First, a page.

Junkyard
    Member

    If everyone is suffering a unpopular regime would crumble/split.

    I think the plan is to keep your supporters happy so they support you and give them all the guns – ever seen a gangster film like that but with better weapons and the same level of fear and intimidation
    Let me know if I am over complicating my explanations

    A distant war but in WWII Germans dressed up as Russians and attacked German Border positions as a false-pretext to start a war.

    Search for Operation Barbarossa – you are wrong they planned fr months then just attacked their ally

    Premier Icon binners
    Subscriber

    Oh goody! Do we get to follow the Americans into another military quagmire, just to try and show we’re still the big swinging dick on campus? While actually achieving the polar opposite, in showing how weak and impotent we actually are? Great!

    And parliament has been recalled to give the democratic facade to rubber stamping a decision already taken in Washington. Tragic!

    Personally, I think that the decision to go to war should only ever be taken by people who’ve experienced a front line themselves. I suspect they’d be sending considerably fewer people to pointless deaths, than a gung Ho politician trying to give themselves a bit of swagger on the world stage, or shore up a sliding popularity rating at home

    wrecker
    Member

    I agree with binners. But if he says “campus” again, I’m gonna twerk him so hard he isn’t going to shit right for a week.

    Premier Icon binners
    Subscriber

    Fair enough 😆

    Premier Icon richmtb
    Subscriber

    Cameron will announce to parliament on Thursday that they have firm evidence of Syrias use of WMD. Around the same time Obama will address the US nation with the same evidence. During his speech the fighter bombers will all ready be in the air and the Tomohawks will have already left their launch tubes.

    Military action is inevitable. Do nothing and the west appears weak

    Premier Icon kimbers
    Subscriber

    I remember this with the Iraq war

    parliament were debating* whether we should go to war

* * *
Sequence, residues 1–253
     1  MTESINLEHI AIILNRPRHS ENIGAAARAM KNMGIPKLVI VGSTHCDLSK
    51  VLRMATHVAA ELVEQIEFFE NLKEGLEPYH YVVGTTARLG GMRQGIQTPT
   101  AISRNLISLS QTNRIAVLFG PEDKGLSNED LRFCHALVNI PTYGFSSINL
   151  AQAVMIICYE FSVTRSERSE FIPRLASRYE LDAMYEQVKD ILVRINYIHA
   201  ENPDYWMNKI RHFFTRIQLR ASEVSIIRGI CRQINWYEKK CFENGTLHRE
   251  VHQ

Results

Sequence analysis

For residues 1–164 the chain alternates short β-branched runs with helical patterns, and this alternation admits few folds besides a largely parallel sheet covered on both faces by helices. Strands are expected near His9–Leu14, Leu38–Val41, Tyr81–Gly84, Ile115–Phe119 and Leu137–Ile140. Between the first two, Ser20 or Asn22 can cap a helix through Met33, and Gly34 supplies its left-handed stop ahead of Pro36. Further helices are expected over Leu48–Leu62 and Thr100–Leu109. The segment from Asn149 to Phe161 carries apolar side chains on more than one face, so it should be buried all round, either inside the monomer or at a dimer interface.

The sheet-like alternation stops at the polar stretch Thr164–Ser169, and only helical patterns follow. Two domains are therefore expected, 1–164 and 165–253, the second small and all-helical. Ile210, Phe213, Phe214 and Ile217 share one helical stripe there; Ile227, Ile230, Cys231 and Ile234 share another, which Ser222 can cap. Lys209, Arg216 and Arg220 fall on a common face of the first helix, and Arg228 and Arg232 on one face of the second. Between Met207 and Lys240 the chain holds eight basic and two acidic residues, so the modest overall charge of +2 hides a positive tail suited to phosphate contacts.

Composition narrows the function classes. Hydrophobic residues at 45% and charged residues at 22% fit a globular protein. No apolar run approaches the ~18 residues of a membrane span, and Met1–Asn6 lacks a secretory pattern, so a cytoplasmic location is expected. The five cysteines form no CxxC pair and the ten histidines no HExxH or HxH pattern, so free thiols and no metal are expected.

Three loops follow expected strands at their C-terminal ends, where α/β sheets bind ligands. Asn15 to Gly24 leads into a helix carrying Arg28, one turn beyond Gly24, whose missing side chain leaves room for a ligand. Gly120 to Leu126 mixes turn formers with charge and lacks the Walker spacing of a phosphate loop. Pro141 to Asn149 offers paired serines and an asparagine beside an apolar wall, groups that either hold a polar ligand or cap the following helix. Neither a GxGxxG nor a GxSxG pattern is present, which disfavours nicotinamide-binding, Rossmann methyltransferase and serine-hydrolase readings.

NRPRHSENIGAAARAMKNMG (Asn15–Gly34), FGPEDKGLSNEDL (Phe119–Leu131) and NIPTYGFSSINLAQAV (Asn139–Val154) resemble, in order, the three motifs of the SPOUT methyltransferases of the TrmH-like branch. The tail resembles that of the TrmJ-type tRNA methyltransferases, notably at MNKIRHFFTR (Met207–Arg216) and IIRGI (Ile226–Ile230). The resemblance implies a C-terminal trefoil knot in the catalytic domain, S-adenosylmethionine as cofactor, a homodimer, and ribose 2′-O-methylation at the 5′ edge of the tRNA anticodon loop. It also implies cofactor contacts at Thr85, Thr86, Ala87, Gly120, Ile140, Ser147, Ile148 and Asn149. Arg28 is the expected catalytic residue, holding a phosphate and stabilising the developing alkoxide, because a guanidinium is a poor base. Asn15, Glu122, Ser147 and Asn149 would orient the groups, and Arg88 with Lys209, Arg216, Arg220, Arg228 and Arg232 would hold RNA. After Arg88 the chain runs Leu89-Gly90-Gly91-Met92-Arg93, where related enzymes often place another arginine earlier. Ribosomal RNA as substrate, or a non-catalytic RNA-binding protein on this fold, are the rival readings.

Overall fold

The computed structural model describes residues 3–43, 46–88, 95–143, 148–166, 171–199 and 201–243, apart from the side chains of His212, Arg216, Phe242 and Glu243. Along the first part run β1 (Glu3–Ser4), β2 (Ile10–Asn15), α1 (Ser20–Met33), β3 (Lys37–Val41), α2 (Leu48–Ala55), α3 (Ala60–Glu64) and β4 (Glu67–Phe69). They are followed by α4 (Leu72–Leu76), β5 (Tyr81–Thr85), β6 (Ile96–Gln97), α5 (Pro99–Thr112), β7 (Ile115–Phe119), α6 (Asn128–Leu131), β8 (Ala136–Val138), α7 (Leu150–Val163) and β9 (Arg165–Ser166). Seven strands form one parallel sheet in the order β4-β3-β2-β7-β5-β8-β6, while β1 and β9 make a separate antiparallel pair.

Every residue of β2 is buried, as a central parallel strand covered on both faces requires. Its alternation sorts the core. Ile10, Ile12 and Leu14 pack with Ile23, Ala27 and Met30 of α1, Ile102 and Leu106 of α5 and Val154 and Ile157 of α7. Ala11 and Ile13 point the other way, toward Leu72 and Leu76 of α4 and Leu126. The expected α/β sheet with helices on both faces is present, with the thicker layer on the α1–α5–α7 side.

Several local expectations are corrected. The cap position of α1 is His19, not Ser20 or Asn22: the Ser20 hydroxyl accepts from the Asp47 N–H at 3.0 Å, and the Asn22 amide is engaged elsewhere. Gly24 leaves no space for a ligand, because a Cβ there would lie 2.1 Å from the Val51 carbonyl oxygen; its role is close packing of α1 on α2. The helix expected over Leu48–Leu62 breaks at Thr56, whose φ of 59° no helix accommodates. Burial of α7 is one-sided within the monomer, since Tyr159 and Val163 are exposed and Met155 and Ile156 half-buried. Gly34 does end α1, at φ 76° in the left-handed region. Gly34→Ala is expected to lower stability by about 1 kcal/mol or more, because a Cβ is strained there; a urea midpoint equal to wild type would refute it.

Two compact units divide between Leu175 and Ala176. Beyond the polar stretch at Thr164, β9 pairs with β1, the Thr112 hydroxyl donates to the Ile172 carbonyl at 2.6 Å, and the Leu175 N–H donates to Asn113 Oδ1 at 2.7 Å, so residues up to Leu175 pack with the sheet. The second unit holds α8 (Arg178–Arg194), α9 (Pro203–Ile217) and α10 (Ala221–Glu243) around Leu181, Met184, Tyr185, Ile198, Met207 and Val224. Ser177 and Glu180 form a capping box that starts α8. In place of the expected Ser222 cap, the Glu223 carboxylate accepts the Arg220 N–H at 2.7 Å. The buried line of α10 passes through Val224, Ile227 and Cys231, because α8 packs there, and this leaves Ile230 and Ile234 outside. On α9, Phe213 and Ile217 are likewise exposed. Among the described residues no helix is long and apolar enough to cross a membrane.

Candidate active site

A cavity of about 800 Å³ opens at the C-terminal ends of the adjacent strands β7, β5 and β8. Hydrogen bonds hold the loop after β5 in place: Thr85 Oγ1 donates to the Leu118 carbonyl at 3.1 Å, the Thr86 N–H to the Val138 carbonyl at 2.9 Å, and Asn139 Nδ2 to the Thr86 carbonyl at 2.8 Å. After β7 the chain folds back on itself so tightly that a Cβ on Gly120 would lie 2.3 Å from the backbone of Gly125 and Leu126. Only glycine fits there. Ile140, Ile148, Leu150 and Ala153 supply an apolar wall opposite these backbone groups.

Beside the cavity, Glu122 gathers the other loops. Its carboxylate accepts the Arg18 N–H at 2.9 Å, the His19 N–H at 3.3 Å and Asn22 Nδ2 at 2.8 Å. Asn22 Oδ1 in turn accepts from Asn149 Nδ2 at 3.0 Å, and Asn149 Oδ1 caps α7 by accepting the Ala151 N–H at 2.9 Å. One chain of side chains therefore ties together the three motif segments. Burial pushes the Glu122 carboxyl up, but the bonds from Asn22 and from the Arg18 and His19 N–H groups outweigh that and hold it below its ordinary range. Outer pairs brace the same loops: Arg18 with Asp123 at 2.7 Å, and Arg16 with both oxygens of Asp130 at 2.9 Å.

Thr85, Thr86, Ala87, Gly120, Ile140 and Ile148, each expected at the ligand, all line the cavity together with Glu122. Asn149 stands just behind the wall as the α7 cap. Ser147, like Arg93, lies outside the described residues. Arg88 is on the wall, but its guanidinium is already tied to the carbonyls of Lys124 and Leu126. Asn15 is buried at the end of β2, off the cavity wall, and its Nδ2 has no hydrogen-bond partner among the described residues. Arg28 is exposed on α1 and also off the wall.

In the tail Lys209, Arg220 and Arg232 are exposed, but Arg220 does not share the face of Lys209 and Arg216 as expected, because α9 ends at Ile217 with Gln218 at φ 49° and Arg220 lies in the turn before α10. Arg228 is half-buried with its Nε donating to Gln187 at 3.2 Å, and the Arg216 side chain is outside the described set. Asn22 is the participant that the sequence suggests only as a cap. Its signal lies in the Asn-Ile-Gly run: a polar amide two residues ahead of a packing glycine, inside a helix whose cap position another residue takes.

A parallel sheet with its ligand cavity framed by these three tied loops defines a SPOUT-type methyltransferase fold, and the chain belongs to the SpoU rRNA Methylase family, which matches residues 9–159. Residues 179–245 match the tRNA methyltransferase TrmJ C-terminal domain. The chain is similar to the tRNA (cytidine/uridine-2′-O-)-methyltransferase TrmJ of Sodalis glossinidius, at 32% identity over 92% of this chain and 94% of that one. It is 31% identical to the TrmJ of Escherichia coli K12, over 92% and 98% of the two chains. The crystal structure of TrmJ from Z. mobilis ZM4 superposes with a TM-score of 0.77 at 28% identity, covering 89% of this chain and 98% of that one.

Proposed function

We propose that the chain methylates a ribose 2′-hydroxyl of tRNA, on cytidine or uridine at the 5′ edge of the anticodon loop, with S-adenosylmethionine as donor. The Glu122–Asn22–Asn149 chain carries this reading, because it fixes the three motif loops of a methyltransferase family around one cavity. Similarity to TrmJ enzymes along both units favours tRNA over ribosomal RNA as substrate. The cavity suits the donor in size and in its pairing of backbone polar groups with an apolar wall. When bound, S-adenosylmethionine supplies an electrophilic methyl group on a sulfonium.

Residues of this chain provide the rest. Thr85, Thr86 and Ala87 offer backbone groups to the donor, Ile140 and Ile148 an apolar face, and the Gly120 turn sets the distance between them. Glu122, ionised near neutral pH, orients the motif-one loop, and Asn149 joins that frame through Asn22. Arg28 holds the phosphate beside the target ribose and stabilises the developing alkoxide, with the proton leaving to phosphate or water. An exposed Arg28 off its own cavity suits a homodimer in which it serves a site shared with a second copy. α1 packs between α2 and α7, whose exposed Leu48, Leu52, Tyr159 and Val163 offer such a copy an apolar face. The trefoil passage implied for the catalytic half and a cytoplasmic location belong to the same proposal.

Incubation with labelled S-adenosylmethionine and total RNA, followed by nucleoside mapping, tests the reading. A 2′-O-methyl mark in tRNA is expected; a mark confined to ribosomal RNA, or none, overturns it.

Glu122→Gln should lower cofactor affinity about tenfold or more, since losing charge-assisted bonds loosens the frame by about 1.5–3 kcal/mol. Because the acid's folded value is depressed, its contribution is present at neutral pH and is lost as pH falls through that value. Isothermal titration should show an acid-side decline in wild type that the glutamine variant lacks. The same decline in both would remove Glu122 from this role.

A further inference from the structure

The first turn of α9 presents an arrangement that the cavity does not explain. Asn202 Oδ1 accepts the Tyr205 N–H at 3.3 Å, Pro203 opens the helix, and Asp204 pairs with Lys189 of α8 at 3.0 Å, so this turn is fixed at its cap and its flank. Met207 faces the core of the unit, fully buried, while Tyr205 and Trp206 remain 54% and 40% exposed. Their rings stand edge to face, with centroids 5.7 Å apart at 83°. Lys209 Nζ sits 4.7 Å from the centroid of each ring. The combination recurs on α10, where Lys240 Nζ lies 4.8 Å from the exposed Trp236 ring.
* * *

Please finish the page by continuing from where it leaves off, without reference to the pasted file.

while troops were already being shipped out

    its just a rubber stamp

    * I say debating all MPs blue and red were trying to outdo each other on the anti-saddam rhetoric
    there were a few rumblings from the lib dems(remember them?) and robin cook – the only person whod bothered to look into the ‘evidence’

    wrecker
    Member

    Cameron will announce to parliament on Thursday that they have firm evidence of Syrias use of WMD.

    I bet he’s well pissed off that Tony done away with Dr Kelley. Be useful right about now.

    Premier Icon binners
    Subscriber

    Its a pity the erstwhile Middle East Peace Envoy is away on his Hollybobs at the moment! He’s done a cracking job so far! Almost as good a job as he did with the British economy. I’m sure if he could forsake for a few days his French beachside home, he could get this whole thing cleared up in a heartbeat.

    wobbliscott
    Member

    Learning from our earlier mistakes we shouldn’t get involved, but the difference here is the use of chemical weapons. The last time we didn’t intervene when a mad dictator was throwing his weight around, a world war resulted causing millions of deaths – if the world had got together in a coordinated way earlier and nipped it in the bud, it all might have been avoided. We can’t stand idly by allowing people to use these things. It appears obvious he has used them, but for the sake of credibility we do need hard proof before doing anything learning from the Iraq mistake, but if we get the proof I really think we have no choice – it would send the wrong message to all those other despots out there with WMDs. It’s a desperate situation.